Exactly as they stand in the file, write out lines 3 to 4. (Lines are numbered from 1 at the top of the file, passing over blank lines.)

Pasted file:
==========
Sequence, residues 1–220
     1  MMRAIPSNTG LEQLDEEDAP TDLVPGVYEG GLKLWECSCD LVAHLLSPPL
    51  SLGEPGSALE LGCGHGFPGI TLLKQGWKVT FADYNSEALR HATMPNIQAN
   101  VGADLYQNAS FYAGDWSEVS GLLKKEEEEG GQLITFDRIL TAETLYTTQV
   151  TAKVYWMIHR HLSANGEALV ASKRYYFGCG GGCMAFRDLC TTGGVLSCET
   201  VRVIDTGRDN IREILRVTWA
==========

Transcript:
    51  SLGEPGSALE LGCGHGFPGI TLLKQGWKVT FADYNSEALR HATMPNIQAN
   101  VGADLYQNAS FYAGDWSEVS GLLKKEEEEG GQLITFDRIL TAETLYTTQV